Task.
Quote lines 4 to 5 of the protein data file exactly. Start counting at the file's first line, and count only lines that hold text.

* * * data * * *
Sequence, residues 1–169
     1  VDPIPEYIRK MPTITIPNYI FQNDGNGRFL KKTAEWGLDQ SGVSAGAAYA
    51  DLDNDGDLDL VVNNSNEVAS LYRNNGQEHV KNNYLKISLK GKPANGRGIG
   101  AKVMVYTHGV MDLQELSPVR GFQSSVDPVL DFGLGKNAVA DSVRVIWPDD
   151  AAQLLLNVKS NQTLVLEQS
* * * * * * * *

   101  AKVMVYTHGV MDLQELSPVR GFQSSVDPVL DFGLGKNAVA DSVRVIWPDD
   151  AAQLLLNVKS NQTLVLEQS